Go Fish Ocean Emporium
1505 W 1st Avenue
“Thirty minute wait for anything fried and ten minutes for the grilled items”. That’s what was being hollered out to the still not fully depleted lineup as the last business hour of the day approached this fine sunny weekend day. With hungry bellies, our rat pack of five quickly huddled and decided we’d opt for the healthier and quicker grilled menu choices, and that was by no means a default as these creations as you’ll see here did not disappoint or a downgrade to the more popular deep fried dishes like their fish ‘n chips.
In reality, the wait was indeed longer than advertised, but I assumed their time clock began once they could actually begin cooking your order, and not from the point of time when the order was actually received and paid for at the til. But with the nearby bench seating providing a view like this, the clock moving slowly isn’t all bad…
Toulouse Petit Kitchen & Lounge
601 Queen Anne Ave. N.
Booze with breakfast. Sad but true, that was the criteria upon which some research was done as I had a thirsty companion who was riding shotgun on this trip. Trying to get our drink on well before the night game at Safeco Field, this place popped up as the sole option. Surprisingly, it also turned out its a pretty well known joint. Dodging the lineup and delaying our entry into the place with a coffee from down the street, we were able to get a pair of stools at one of the rectangular communal tables – fittingly right in front of the beautifully stocked bar. As it said on the menu, “daytime drinking has never been so dignified, fun and guilt free…”.
There was a special pricing event going on during the hours we were here, so it did knock a few green bills off the total tally. With a section devoted to some more uncommon creations, my dining partner and I chose from that area, skipping past the usual eggs/toast combos, that we might have otherwise chosen. Our picks: the cured pork cheeks confit hash and the smoked salmon and asparagus hash.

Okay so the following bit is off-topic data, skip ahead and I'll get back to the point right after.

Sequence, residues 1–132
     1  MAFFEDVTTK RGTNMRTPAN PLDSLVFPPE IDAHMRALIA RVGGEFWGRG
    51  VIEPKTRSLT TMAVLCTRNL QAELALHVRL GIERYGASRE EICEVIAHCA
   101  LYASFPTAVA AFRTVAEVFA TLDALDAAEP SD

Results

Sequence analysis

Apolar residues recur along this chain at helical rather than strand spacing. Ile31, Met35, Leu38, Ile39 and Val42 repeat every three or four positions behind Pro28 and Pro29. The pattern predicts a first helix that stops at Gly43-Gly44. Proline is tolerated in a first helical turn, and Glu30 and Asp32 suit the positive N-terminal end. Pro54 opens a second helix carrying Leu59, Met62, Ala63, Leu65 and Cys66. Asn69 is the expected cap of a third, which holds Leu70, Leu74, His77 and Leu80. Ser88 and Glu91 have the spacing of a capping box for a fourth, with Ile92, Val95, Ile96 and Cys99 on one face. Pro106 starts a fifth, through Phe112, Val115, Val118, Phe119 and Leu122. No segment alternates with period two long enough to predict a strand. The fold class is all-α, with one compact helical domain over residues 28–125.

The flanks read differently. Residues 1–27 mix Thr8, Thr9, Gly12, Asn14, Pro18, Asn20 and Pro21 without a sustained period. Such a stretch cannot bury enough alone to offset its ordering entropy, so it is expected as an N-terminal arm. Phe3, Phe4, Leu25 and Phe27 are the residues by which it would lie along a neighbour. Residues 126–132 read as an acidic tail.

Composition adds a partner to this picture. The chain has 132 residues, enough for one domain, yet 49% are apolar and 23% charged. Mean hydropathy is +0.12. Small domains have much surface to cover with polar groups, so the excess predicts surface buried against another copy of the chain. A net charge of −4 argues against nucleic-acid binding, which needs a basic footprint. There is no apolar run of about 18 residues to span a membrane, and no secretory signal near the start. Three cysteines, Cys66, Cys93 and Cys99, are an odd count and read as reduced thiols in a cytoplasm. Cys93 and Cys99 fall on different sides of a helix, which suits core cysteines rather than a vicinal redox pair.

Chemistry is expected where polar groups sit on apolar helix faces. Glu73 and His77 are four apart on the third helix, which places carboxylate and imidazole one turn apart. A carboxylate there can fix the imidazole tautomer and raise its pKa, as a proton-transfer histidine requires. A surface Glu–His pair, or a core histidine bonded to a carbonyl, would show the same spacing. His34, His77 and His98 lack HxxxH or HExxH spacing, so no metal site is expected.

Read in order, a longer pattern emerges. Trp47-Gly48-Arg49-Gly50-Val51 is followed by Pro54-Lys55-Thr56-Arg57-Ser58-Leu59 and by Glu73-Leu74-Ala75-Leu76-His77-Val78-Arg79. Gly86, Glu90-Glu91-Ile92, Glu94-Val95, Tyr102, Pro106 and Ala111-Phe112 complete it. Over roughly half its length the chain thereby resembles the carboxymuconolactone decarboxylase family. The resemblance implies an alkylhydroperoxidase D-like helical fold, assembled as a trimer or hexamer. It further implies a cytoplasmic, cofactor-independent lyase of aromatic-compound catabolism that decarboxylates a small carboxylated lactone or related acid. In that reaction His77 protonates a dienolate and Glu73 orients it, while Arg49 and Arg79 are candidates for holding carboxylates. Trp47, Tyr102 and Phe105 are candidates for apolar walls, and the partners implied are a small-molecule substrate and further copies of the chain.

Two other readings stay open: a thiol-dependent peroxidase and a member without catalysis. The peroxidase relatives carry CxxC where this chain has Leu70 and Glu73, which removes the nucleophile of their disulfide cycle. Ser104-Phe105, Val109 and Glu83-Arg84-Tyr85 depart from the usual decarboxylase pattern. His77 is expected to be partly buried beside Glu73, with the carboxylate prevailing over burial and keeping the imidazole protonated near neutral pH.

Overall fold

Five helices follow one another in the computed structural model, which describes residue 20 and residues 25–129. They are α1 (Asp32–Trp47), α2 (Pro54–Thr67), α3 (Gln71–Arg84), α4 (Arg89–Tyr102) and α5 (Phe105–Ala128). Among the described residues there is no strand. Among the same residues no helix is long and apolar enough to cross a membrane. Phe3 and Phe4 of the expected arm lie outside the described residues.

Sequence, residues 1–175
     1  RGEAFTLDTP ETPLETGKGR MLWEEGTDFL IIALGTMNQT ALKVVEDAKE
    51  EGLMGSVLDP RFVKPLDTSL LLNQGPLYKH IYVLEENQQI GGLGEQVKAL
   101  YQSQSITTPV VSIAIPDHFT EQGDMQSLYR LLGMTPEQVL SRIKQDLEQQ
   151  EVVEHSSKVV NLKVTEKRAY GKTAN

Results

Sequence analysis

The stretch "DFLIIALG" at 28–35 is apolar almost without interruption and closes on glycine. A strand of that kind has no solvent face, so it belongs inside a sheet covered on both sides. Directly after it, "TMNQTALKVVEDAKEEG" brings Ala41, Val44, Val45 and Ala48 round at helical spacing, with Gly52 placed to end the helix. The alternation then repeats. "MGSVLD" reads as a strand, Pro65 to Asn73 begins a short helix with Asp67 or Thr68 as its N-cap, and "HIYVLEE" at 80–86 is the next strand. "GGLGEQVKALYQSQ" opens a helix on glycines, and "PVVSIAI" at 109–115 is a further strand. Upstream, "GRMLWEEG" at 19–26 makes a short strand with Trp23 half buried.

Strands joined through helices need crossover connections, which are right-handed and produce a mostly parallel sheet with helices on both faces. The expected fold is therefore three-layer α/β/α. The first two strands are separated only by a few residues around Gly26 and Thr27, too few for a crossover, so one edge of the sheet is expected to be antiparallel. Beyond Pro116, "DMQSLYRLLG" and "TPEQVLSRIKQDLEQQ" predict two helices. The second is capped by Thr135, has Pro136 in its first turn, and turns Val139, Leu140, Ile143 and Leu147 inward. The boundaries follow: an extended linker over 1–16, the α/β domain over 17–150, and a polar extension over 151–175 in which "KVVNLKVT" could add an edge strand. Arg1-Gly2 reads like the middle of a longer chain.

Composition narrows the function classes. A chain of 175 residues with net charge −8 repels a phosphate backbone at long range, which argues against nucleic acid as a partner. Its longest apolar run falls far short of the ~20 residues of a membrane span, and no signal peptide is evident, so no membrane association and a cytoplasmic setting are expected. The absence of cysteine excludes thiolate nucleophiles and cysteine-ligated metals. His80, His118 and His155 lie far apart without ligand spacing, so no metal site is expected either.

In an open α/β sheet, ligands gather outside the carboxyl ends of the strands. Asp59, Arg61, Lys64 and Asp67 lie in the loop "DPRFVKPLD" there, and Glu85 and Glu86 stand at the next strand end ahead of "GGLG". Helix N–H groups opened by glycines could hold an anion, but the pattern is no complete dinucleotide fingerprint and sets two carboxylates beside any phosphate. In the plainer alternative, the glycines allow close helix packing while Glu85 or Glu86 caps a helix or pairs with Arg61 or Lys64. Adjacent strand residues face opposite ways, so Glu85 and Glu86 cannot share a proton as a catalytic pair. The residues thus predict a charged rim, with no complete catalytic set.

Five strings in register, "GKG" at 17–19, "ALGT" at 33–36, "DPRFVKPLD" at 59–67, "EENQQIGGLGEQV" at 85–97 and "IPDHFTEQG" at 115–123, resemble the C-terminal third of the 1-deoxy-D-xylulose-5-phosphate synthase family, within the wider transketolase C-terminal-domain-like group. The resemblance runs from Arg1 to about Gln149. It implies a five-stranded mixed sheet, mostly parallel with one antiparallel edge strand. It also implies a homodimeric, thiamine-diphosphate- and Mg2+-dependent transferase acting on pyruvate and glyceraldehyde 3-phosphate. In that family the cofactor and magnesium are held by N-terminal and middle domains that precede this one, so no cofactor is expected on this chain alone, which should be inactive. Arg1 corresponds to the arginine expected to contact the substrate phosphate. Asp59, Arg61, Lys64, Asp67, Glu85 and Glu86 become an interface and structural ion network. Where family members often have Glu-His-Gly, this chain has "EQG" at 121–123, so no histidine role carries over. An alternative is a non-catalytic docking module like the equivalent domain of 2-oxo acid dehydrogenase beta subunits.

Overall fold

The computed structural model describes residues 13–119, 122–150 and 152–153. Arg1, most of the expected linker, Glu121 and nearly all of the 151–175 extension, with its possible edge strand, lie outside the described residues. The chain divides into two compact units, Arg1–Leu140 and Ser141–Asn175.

Dairy Lane Cafe
319 19 St NW
Nestled on a quiet street situated close to a residential neighborhood (from what I could see behind the parking lot of the building where the car I arrived in was parked), the Dairy Lane Cafe was our choice for an impromptu lunch just ahead of the madness which is the start of Stampede. As such, I was quite surprised to find a packed inside seating area, as well as all the available spots being taken up on the uncovered tables situated on the sidewalk in front of the building.
It didn’t seem like it was anywhere near any walk up traffic from the office worker crowd, but yet still busy at the noon hour. Scanning the relaxed attire of those eating already, it was clear to me that this was a casual, homey spot for clean honest grub for those who might more often than not, just live around the corner – some younger ladies who seemed to be out for a bite to eat with their girlfriends, to some guys who obviously fell into the hipster genre given their tight fitting attire and attitude, as well as strangely enough, some rougher dressed fellows who if I were to assume from the paint on their overalls, were some tradesmen on break for something to eat while on the day job.
The spot came recommended by locals and was described to me as a throwback to simpler times and with operators very keen on the whole “produced local” attitude, and knowing where their ingredients came from. The space was not very large inside and staffed seemingly by just two busy servers. Some large framed pictures hung on the wall reminded me of a by-gone era in rural Alberta, catching my eye enough to snap a photo myself. If I were to compare the looks and feel of this place to anywhere in Vancouver, I would say something like Aphrodite’s Organic Cafe & Pie Shop in Kits comes to mind.
Burgers Etc. BBQ House
4091 Hastings Street